As the crow flies Brixton Academy – nestled away in South London – isn’t all that far from Paris. But then, the journey undertaken by Christine and the Queens isn’t necessarily about physical distance.
The project – led by the diminutive Héloïse Letissier – re-recorded its debut album for an Anglophone audience, with ‘Chaleur Humaine’ making a first week impression at a mere 132 on the UK charts. But word kept spreading, and the album kept rising – until here we are, in the doorway of Brixton Academy waiting for the first of two sold out nights from Christine and the Queens to begin.
It’s richly deserved. As the stage darkens, there’s a palpable sense of anticipation from the crowd, the expectation that tonight wouldn’t be a mere set-list unfolding but a show, a performance. Breezing into ‘Starshipper’ those expectations are immediately backed up – she’s incredible, each move, each swoop bringing cheers from the capacity crowd.
Stretching ‘Chaleur Humaine’ to its limit – as she bashfully explains, she only has one album - Héloïse Letissier utilises a simple, but enormously effective stage show. At one point, a light casts an enormous shadow on the backdrop, the singer’s body jerking and producing an un-nerving, enchanting silhouette that towers behind her.
The Christophe cover ‘Paradis Perdus’ flows into ‘Here’, with the rise and fall of the set mirroring the movements of Héloïse. At times, the spotlight falls down on centre stage, and she appears tender, alone – at others, though, the electronic beats tear through the historic venue, with her array of Queens ripping it up onstage.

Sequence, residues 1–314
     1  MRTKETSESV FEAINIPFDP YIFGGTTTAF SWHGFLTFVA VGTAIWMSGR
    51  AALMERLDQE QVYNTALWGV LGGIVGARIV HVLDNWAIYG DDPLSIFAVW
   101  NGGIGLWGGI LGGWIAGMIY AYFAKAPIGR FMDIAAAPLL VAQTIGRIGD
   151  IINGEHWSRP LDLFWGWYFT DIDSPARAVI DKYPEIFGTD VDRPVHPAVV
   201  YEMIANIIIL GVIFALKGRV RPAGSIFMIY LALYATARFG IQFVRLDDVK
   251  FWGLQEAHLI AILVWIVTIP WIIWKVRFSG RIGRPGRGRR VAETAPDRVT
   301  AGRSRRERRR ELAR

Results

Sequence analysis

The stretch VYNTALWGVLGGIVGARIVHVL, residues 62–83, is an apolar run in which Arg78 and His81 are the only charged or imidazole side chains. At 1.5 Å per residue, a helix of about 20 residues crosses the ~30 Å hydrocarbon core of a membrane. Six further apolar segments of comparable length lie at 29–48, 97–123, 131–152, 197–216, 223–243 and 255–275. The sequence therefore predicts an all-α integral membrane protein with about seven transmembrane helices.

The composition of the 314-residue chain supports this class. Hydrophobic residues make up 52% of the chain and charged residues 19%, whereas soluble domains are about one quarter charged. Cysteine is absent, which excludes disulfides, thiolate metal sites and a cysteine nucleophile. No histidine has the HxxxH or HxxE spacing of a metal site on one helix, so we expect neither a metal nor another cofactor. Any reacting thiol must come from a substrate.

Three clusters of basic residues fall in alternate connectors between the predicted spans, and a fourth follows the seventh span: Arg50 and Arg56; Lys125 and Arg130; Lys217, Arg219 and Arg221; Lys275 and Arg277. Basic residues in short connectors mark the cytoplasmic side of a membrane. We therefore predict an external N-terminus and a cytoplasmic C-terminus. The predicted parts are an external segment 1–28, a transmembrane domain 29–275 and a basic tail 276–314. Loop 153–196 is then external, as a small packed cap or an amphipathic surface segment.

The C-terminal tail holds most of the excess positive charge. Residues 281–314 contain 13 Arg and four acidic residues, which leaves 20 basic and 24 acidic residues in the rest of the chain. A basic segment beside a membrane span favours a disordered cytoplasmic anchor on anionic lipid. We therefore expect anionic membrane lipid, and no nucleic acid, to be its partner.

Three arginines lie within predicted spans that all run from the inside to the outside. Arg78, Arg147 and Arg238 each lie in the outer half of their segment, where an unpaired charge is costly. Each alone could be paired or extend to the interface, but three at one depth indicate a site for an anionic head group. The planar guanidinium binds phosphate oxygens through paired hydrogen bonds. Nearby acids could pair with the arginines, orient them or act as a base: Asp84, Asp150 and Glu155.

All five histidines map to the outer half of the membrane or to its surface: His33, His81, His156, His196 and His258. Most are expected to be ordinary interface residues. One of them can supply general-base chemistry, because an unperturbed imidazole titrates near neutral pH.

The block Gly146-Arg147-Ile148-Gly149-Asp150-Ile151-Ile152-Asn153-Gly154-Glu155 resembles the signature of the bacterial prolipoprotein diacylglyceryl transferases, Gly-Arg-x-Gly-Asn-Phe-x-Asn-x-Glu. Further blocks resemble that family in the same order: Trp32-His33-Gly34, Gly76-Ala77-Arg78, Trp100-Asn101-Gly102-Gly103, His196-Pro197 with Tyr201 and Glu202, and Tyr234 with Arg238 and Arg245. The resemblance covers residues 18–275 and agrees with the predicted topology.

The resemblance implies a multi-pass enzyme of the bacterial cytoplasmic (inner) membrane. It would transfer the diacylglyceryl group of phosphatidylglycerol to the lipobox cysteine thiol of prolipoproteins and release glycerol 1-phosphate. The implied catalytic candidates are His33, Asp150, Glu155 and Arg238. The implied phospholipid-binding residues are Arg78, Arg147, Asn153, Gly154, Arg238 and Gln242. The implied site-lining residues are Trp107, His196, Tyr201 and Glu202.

Sluicing in a segment of ‘Uptown Funk’ to her version of Inner City’s pop-leaning techno classic ‘Good Life’, the singer seems to rejoice in the power of it all, the crowd on their feet and the lights dappled around her. And it’s those contortions, those elastic limbs that conduct the whole affair – precise, lucid, freakishly angelic, she’s a pop outsider who has navigated her own audience.
Completing the bulk of her debut album Héloïse leaves the stage for a short moment, before bounding back only a few minutes later, that ever-present beaming smile in place. Telling the crowd of her love for London – the entire concept for Christine and the Queens owes a heavy debt to the drag clubs of Soho – she then ushers in a simple, tender version of Terence Trent D’erby’s smash ‘Sign Your Name’. It’s cheesy, but it works – on a stage like this, a night like this, she wants to go big, to go bold.
There’s a moment, a slight lull, in tonight’s set when we get a chance to look at the crowd – all shapes and sizes, gender, sexuality, a random mish-mash of beliefs and desires, all sat side by side. As this year’s oft-repeated phrase has it, there’s more binds us together than tears us apart. Tonight, Christine and the Queens bound us together.
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